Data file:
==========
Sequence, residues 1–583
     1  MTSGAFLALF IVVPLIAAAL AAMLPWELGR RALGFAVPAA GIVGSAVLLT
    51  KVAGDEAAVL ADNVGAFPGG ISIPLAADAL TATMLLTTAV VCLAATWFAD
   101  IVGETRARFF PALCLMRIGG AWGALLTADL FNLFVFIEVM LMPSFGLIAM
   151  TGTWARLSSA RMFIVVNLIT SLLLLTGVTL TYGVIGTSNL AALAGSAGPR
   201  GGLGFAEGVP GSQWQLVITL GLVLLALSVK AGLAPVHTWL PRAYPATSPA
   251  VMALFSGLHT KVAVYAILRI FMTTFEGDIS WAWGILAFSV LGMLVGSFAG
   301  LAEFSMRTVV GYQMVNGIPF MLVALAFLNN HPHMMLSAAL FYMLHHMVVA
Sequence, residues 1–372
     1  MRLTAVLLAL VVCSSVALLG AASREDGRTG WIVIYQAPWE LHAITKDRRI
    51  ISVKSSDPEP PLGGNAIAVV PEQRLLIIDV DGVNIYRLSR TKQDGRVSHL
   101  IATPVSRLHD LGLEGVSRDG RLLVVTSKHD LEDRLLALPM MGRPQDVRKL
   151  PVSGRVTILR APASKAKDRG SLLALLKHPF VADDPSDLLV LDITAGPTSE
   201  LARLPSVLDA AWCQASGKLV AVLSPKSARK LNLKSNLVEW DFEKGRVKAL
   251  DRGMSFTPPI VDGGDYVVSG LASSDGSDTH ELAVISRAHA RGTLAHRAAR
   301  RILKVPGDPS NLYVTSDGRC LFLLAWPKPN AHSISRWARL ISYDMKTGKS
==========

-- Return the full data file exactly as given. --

Sequence, residues 1–583
     1  MTSGAFLALF IVVPLIAAAL AAMLPWELGR RALGFAVPAA GIVGSAVLLT
    51  KVAGDEAAVL ADNVGAFPGG ISIPLAADAL TATMLLTTAV VCLAATWFAD
   101  IVGETRARFF PALCLMRIGG AWGALLTADL FNLFVFIEVM LMPSFGLIAM
   151  TGTWARLSSA RMFIVVNLIT SLLLLTGVTL TYGVIGTSNL AALAGSAGPR
   201  GGLGFAEGVP GSQWQLVITL GLVLLALSVK AGLAPVHTWL PRAYPATSPA
   251  VMALFSGLHT KVAVYAILRI FMTTFEGDIS WAWGILAFSV LGMLVGSFAG
   301  LAEFSMRTVV GYQMVNGIPF MLVALAFLNN HPHMMLSAAL FYMLHHMVVA
Sequence, residues 1–372
     1  MRLTAVLLAL VVCSSVALLG AASREDGRTG WIVIYQAPWE LHAITKDRRI
    51  ISVKSSDPEP PLGGNAIAVV PEQRLLIIDV DGVNIYRLSR TKQDGRVSHL
   101  IATPVSRLHD LGLEGVSRDG RLLVVTSKHD LEDRLLALPM MGRPQDVRKL
   151  PVSGRVTILR APASKAKDRG SLLALLKHPF VADDPSDLLV LDITAGPTSE
   201  LARLPSVLDA AWCQASGKLV AVLSPKSARK LNLKSNLVEW DFEKGRVKAL
   251  DRGMSFTPPI VDGGDYVVSG LASSDGSDTH ELAVISRAHA RGTLAHRAAR
   301  RILKVPGDPS NLYVTSDGRC LFLLAWPKPN AHSISRWARL ISYDMKTGKS